It was also taken with a budget camera - Nikon D3300

  • voja cirjak

    @CSP what is WB?


    I used Lightroom before but switched to Capture One due to it's much more flexible editing for colors... like seriously, Lightroom seems completely incapable when compared to Capture One. I don't know if there is other software that might be better

  • Nikon Shooter

    — "I don't know if there is other software that might be better"

    Co is waaaay not perfect but it is the less imperfect, IMO!

  • voja cirjak

    The switch from Lightroom to CO was day and night. I simply didn't understand why Lightroom is so bad. Also, when importing RAW files, CO automatically adjusts them.. and usually it does it in a way that looks very similar to the one I get from viewing the unedited RAW file in preview. Lightroom on the other hand.. just a mess, it's like starting from a 0.


    I meant that I am not aware if there is better software, not that CO is the best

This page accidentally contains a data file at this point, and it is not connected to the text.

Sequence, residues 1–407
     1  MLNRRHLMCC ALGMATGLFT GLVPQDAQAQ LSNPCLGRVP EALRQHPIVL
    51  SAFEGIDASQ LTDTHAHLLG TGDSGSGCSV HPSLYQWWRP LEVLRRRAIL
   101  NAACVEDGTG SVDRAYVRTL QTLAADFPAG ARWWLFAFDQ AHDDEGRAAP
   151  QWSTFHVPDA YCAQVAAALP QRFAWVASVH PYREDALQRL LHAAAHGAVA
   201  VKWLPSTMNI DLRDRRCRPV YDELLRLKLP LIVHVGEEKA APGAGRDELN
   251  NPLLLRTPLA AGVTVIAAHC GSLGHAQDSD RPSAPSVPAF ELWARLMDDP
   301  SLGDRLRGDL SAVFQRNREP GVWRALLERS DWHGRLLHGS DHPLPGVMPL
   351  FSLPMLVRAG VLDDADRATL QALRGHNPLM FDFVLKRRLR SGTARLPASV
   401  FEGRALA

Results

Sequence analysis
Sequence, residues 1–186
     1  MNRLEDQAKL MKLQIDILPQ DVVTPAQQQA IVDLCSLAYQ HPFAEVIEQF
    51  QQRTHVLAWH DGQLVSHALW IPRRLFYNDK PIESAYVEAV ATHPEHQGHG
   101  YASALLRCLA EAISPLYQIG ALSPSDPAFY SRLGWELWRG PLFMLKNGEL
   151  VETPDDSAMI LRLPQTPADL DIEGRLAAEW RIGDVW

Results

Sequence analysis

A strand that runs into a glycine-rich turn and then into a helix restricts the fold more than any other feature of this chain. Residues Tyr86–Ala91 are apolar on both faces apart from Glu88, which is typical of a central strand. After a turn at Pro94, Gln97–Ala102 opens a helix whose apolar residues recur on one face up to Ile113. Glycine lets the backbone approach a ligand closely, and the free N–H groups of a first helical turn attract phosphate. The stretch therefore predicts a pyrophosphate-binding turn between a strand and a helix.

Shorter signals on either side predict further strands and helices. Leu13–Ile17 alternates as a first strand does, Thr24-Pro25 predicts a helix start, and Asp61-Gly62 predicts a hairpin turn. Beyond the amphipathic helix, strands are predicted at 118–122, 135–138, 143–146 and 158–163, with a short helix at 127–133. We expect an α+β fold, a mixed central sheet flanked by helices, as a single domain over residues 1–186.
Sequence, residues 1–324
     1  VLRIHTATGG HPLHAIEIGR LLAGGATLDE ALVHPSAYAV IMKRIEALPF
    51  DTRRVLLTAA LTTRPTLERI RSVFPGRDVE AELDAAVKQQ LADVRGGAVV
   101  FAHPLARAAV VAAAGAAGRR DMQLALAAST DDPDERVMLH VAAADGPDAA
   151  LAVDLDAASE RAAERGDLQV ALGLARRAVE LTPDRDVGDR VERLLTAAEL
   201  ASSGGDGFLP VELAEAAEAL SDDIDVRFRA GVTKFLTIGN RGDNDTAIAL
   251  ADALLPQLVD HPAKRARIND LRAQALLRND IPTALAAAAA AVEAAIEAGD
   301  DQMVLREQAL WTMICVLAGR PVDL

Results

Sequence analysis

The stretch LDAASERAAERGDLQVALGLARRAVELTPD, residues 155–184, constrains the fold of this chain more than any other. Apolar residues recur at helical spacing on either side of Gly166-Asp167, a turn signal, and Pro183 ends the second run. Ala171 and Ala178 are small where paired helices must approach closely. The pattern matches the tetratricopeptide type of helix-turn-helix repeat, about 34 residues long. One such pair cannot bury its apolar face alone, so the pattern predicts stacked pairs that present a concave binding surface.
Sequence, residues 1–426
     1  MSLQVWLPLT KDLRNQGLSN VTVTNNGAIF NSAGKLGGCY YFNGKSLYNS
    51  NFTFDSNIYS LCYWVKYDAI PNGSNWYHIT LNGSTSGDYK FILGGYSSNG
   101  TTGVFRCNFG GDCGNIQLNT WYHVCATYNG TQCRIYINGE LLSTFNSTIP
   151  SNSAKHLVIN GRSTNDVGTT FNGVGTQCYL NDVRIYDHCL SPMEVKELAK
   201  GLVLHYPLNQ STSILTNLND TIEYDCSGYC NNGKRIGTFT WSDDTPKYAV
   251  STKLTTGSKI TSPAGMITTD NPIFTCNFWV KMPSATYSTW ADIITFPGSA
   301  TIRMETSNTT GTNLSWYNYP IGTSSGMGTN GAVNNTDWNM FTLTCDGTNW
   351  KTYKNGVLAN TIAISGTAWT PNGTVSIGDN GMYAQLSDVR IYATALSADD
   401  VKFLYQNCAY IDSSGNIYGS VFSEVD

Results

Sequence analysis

Also realized that WB is probably white balance

  • Nikon Shooter

    "when talking about shutter release, what exactly are you referring to? How do I improve SR and DR?"

    How do I improve SR
    I don't mean you should improve SR but the decisions you
    make prior to. Like EV compensation, WB (white balance)

     — How do I improve DR?
    By not ignoring what your best friend, the histogram, says… 
    no matter what gear is in use.


  • billtils

    "Co is waaaay not perfect but it is the less imperfect, IMO!"




  • Nikon Shooter

    — The photo-shoot wasn't taken in a studio environment - no lights, no booth,

         nothing. Just natural lighting in a room... which isn't ideal.

    Nothing is. I have a complete high end studio and there is nothing
    ideal in it except the gear and the working conditions. The value of
    all things happening in there is coming from the photographer.

    You have to make things ideal, it is called working the shot.

  • billtils


    "and more color accurate"

    What's your objective proof of that?   And in any case it doesn't matter here as the OP is not trying to obtain a faithful rendition of the original.

    One feature of LR and PS that may have made it easier (which is not the same as better) is the ability to adjust saturation and luminance in individual colour channels.


  • SFA

    voja cirjak,